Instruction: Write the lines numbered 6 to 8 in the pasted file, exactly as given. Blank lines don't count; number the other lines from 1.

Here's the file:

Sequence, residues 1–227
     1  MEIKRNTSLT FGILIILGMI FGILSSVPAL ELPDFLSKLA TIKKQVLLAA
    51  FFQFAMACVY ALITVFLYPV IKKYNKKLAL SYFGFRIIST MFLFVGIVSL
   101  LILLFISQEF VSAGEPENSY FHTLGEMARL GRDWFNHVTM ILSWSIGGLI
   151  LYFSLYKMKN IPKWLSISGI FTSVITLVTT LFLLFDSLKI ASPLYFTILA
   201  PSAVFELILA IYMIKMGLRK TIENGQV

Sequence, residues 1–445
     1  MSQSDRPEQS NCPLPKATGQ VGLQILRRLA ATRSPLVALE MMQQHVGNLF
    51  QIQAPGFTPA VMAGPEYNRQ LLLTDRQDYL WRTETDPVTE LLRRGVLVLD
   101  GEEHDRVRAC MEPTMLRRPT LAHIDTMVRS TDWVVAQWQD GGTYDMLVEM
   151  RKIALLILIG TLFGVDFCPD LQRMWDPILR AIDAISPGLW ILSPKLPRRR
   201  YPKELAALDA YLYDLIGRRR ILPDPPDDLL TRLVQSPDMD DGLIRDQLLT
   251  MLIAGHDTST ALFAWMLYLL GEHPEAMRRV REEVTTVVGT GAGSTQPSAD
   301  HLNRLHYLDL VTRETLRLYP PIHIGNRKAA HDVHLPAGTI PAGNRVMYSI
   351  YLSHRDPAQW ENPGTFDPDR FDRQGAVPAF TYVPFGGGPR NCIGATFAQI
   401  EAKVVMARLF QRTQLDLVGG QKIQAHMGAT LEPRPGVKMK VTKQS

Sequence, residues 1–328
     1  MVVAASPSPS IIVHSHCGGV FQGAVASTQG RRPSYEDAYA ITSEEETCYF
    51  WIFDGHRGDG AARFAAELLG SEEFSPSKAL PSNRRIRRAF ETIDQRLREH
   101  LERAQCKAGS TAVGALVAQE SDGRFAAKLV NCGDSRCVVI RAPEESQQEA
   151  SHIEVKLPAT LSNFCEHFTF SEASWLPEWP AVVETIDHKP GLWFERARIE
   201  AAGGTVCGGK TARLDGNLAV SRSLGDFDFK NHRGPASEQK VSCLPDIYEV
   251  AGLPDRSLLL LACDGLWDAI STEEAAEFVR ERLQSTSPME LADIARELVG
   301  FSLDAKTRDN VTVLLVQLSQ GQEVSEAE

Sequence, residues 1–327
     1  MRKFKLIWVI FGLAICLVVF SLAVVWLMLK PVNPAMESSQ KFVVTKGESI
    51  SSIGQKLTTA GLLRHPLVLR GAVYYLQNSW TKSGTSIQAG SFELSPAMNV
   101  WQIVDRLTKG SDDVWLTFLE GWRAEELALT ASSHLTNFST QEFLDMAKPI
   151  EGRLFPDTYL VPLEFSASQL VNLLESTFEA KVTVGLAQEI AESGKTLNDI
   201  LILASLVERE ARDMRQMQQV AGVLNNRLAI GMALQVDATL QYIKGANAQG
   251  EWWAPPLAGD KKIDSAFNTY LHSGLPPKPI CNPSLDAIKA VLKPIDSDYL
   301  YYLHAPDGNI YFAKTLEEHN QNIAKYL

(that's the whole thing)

   201  PSAVFELILA IYMIKMGLRK TIENGQV

Sequence, residues 1–445
     1  MSQSDRPEQS NCPLPKATGQ VGLQILRRLA ATRSPLVALE MMQQHVGNLF